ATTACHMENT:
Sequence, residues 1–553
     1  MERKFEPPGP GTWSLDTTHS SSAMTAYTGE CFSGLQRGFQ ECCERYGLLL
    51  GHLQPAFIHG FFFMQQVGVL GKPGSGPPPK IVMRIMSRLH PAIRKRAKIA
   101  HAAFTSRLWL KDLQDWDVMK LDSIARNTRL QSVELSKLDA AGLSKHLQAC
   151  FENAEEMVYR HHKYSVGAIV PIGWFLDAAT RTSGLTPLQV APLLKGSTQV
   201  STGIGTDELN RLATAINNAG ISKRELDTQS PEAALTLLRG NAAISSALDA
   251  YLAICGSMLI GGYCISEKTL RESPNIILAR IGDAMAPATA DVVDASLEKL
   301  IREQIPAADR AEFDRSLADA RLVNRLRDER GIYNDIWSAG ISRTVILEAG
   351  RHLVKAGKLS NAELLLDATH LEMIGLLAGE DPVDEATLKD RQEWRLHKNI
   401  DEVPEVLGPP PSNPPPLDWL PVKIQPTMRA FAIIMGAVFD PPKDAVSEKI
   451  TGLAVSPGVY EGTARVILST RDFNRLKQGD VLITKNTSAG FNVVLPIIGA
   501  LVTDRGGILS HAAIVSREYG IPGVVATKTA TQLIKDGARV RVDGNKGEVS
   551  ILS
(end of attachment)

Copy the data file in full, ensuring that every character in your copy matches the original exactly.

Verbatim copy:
Sequence, residues 1–553
     1  MERKFEPPGP GTWSLDTTHS SSAMTAYTGE CFSGLQRGFQ ECCERYGLLL
    51  GHLQPAFIHG FFFMQQVGVL GKPGSGPPPK IVMRIMSRLH PAIRKRAKIA
   101  HAAFTSRLWL KDLQDWDVMK LDSIARNTRL QSVELSKLDA AGLSKHLQAC
   151  FENAEEMVYR HHKYSVGAIV PIGWFLDAAT RTSGLTPLQV APLLKGSTQV
   201  STGIGTDELN RLATAINNAG ISKRELDTQS PEAALTLLRG NAAISSALDA
   251  YLAICGSMLI GGYCISEKTL RESPNIILAR IGDAMAPATA DVVDASLEKL
   301  IREQIPAADR AEFDRSLADA RLVNRLRDER GIYNDIWSAG ISRTVILEAG
   351  RHLVKAGKLS NAELLLDATH LEMIGLLAGE DPVDEATLKD RQEWRLHKNI
   401  DEVPEVLGPP PSNPPPLDWL PVKIQPTMRA FAIIMGAVFD PPKDAVSEKI
   451  TGLAVSPGVY EGTARVILST RDFNRLKQGD VLITKNTSAG FNVVLPIIGA
   501  LVTDRGGILS HAAIVSREYG IPGVVATKTA TQLIKDGARV RVDGNKGEVS
   551  ILS